Friday, July 12, 2013

Karen Elliott Greisdorf, photographer and film maker from Bethesda, Maryland, writes of her experience of filming in Richmond, Virginia:

 

Richmond is steeped in history. Close to 30 museums capture the details and determination of the former Capital of the Confederacy. Recently I interviewed 15 Richmonders (native and adoptive) who are writing a new history.

Duron Chavis (Photo: Karen Elliott Greisdorf)

 

On location to film for an upcoming web short on Hope in the Cities, a program of Initiatives of Change for over 20 years, I traveled from the University of Richmond in the west end to the Fulton community in the east and south over the James River along Hull Street.

 

After covering the visiting the city and covering Initiatives of Change for nearly two decades, Richmond has come to occupy a significant piece of real estate in my heart and mind for someone who doesn't live there. After the privileged interview time, I am even more deeply impressed and inspired by the women and men who are working to examine the legacies of the past and build an equitable future.

 

Each interviewee's story and contribution left me wanting to hear more - from corporate leader Tom Chewning's account of crossing barriers to build a friendship with local tennis legend Arthur Ashe when they were both in their teens, to learning about the challenges met today by City of Richmond Multicultural Director Tanya Gonzalez.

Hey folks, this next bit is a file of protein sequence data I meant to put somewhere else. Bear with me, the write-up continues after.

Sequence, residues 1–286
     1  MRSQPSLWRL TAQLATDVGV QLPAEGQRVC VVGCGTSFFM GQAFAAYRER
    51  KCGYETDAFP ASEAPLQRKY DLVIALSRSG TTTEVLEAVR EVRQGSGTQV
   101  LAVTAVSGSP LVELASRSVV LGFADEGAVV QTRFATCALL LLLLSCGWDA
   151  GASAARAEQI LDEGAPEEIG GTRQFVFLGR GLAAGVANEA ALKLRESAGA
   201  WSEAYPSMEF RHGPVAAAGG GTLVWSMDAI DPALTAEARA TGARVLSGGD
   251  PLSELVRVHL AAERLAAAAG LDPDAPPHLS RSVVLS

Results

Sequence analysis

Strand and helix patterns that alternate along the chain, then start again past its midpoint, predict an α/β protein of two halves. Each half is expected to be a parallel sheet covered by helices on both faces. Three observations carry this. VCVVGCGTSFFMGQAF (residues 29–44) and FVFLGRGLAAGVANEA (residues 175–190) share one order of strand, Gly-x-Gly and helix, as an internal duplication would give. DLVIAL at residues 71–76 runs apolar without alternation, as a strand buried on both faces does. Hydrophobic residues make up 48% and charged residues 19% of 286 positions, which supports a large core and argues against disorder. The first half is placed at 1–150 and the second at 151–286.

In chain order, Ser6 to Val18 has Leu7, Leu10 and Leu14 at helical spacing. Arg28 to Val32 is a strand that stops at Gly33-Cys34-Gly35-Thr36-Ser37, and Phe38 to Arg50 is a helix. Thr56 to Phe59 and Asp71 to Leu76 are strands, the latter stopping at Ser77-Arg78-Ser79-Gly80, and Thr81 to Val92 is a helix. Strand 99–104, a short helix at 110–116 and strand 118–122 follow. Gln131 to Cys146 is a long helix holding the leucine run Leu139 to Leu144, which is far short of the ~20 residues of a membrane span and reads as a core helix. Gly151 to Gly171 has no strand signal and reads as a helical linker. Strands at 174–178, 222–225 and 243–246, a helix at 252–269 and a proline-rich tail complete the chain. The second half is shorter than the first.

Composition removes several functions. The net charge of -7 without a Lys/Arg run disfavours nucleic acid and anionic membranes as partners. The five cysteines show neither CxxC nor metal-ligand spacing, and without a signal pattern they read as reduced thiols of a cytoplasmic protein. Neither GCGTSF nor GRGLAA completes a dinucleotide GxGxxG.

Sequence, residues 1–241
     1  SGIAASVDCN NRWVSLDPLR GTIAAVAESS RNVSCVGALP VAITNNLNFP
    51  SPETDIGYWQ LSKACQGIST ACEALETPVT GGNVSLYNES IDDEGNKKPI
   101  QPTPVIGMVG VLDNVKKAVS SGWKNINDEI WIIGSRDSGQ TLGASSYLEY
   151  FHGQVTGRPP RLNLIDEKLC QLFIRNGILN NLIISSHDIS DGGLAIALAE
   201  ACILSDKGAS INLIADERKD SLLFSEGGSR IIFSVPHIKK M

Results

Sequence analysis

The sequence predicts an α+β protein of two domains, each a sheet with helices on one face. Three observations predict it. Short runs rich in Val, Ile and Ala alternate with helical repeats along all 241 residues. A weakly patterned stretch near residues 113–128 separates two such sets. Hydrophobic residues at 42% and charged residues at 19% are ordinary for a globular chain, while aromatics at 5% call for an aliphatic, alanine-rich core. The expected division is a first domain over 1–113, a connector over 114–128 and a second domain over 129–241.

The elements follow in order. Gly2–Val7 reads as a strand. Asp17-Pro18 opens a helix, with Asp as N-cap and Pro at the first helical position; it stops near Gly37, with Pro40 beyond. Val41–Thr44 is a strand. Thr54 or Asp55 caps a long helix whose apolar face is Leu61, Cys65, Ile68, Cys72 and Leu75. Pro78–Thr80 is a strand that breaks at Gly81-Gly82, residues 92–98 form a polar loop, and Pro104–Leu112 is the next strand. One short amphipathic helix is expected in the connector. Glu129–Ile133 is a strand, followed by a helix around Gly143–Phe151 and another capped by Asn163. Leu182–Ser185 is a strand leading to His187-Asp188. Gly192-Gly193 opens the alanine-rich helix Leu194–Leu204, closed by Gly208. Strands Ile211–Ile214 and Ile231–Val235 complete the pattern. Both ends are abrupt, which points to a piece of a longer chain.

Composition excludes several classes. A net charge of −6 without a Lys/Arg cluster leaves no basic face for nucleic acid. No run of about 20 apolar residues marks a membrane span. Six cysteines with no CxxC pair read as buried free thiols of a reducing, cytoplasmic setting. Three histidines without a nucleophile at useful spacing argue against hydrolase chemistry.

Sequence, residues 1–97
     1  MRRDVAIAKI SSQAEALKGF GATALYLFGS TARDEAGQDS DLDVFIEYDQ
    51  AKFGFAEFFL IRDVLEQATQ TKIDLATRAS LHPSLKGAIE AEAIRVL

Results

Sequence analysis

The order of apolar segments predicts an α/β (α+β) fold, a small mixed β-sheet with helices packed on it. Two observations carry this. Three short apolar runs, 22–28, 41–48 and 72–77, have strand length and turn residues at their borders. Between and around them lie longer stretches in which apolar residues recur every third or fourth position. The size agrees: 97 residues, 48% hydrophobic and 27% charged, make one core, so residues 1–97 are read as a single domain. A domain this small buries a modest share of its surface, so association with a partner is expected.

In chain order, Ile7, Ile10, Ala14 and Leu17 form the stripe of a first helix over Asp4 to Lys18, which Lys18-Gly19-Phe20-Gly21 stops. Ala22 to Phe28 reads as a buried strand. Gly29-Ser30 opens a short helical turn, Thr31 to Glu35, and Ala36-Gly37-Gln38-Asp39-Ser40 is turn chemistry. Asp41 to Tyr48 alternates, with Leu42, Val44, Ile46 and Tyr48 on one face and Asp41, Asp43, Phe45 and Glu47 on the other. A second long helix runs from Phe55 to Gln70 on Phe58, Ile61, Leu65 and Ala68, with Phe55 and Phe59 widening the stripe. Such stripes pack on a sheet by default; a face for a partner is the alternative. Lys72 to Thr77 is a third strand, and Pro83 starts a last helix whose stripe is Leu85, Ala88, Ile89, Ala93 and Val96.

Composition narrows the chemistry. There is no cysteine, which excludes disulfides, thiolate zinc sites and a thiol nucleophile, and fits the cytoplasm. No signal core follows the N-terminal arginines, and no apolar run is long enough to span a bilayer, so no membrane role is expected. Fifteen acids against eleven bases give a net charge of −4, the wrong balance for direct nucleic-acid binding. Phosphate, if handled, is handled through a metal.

At the end of the five days of shooting, I was deeply encouraged by the network of people that the Hope in the Cities team has connected with over the years. I was also struck by the way in which these Richmonders, while called to their individual pursuits, also share a collective commitment to honest conversation required for the social and structural transformation still needed.

 

Shooting for the web short, which will be online by the end of the summer, led spontaneously to the creation of an even shorter piece titled "defining Hope in the Cities." At the end of each interview I asked each Richmonder how he or she would define the work of Hope in the Cities. That translated into the piece you can see here.

 

 

The city website sports the tagline "Easy To Love". After all these years of journeying south on I-95 from the DC area, I find that this tagline is truer now than ever. But I don't just feel love. I have a deep sense of gratitude and hope for what's yet to come.